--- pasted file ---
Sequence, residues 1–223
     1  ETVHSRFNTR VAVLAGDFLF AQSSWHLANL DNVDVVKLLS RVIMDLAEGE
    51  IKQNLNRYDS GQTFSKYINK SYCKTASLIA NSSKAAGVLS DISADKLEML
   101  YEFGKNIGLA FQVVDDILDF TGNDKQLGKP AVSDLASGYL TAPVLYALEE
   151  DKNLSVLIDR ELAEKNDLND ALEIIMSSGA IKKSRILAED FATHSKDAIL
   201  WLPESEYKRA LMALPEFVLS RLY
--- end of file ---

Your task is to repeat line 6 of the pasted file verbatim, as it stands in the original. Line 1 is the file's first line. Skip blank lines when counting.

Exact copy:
   201  WLPESEYKRA LMALPEFVLS RLY